I mean, we would drink water whether we were riding or not, right?
It’s the little things that kill your success, but not in the “Forego avocado toast and you can have a McMansion” way, in a more real way.
Yes, we drink water straight from the filter on the fridge when we’re home. Water on the trail has to be planned though. Hydration is critical.
The fountains on the Silver Comet are always turned off in the winter, from well before danger of first frost until well after danger of last frost. I don’t get this. It takes more than a frost to freeze a pipe, but that’s how it is. Since the pandemic, the water has been turned off year ’round.
When the fountains are on, I would likely fill at Tara Drummond, Cedartown and the Chief Ladiga visitors center on the state line. Water availability becomes more sketchy as you move west and, if you started on the east end, that’s when you’re tiredest.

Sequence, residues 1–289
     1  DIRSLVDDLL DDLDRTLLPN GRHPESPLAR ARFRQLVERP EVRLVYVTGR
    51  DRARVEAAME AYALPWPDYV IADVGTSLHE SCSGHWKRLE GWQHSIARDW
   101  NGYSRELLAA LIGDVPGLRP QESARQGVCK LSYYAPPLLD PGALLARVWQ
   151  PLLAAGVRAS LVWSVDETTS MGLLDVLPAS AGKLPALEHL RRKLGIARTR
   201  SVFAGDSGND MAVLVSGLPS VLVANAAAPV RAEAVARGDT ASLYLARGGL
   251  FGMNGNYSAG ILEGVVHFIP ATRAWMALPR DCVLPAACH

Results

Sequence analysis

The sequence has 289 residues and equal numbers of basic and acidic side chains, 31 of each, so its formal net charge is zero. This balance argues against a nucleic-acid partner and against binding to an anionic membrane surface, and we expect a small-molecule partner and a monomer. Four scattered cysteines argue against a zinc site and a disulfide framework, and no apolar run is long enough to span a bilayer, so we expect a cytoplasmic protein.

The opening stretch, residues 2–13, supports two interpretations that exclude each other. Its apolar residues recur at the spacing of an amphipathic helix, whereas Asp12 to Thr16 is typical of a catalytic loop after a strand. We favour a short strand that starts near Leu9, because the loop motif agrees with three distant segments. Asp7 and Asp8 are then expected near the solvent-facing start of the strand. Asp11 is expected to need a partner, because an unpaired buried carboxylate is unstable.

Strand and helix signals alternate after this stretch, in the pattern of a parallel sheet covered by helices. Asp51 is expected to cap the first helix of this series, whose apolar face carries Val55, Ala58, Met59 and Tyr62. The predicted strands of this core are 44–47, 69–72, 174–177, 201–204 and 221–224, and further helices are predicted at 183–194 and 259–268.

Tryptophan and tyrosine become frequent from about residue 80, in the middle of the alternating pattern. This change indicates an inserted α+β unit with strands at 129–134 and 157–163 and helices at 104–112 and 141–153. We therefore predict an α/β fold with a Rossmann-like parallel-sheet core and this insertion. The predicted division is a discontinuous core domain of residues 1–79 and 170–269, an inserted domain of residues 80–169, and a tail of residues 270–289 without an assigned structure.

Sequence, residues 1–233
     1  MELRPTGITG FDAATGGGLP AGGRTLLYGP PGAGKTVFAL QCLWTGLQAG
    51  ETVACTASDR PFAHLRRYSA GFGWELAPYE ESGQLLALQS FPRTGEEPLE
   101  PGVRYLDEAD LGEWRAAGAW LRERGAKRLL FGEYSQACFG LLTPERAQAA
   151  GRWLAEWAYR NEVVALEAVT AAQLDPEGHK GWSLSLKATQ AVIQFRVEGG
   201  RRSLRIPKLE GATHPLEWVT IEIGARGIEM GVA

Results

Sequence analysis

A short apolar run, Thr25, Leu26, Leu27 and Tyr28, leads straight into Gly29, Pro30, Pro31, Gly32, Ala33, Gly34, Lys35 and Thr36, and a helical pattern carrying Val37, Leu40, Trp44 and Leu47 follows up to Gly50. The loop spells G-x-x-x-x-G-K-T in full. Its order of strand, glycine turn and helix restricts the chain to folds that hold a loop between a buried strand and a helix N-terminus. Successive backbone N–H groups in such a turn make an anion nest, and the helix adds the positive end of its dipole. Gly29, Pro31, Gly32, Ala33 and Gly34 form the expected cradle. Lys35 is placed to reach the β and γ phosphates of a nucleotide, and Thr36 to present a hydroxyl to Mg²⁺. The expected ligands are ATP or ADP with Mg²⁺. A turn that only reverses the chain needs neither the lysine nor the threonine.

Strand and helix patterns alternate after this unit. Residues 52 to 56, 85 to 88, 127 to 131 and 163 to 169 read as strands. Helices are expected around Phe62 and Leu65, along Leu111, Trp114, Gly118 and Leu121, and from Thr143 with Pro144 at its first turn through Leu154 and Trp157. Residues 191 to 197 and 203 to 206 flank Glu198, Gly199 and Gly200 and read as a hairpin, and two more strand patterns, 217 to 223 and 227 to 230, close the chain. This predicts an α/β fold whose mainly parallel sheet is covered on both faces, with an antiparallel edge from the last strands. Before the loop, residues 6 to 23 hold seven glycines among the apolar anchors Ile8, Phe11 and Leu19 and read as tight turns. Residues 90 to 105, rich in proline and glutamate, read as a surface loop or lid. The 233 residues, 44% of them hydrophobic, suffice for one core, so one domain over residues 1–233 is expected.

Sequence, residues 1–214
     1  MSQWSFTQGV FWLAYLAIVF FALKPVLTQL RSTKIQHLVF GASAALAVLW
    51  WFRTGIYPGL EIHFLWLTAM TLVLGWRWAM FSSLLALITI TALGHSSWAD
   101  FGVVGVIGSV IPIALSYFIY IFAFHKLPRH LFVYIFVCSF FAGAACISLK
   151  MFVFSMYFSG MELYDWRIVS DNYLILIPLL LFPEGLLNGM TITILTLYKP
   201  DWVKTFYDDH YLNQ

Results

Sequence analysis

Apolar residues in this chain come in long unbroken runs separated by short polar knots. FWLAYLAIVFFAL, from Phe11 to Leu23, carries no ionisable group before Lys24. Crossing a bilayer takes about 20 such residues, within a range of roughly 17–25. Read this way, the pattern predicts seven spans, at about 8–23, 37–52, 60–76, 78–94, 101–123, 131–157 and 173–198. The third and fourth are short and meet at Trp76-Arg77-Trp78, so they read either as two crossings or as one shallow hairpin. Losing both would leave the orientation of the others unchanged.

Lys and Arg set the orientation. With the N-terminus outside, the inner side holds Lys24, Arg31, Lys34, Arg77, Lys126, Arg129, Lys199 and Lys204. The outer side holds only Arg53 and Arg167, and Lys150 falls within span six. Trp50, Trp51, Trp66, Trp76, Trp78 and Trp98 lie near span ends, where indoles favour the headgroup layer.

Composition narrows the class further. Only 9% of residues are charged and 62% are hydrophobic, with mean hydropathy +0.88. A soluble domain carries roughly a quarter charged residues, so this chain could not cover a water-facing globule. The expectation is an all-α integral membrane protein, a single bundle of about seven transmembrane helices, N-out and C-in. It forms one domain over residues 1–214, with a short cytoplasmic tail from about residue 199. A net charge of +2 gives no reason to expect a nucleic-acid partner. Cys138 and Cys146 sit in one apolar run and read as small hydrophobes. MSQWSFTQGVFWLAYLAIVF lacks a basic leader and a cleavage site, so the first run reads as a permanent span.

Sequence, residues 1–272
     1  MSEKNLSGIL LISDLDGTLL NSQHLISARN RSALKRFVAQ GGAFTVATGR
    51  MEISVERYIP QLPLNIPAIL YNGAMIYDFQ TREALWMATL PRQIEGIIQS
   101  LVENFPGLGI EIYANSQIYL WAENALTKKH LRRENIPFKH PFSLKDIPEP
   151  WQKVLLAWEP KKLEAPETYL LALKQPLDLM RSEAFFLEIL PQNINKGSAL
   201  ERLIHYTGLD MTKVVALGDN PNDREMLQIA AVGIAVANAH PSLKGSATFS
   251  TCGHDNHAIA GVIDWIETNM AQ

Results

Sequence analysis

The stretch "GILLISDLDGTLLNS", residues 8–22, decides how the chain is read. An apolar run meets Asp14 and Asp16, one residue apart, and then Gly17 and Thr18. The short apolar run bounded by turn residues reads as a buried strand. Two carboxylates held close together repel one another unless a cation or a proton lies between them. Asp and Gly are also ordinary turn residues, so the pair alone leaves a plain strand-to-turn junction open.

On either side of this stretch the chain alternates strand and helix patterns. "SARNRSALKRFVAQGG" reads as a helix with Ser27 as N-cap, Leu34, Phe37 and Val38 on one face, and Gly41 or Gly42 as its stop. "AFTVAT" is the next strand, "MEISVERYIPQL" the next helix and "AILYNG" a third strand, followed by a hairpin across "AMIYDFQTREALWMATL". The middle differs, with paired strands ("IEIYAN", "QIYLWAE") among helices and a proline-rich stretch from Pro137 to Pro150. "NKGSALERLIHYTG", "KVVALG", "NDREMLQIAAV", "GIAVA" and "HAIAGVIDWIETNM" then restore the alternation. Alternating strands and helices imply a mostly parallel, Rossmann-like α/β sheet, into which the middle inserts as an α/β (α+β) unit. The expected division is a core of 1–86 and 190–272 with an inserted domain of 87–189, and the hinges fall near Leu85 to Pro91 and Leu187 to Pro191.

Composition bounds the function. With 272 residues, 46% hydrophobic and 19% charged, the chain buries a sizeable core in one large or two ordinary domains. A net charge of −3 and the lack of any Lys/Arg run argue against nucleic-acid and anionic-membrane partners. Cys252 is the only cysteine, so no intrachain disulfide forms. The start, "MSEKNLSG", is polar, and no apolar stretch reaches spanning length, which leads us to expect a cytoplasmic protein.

What can you get for $992 on the trail? That’s a $4 allowance per rider per ride day*. That may be generous on average if the fountains come back on for part of the year, but the rest will come from some other bucket in the budget if they don’t.
Casual riders can decide on a ride to ride basis if the nominal cost of going out on any given day fits easily inside the resources they want to use. But, when making a commitment to ride twice a week every time it’s rideable for 62 weeks, accounting for all of the places where you will drop a grand is as critical to a successful project budget as hydration is to a healthy ride.
*There’s no allowance for training days because we can carry enough for most of those days.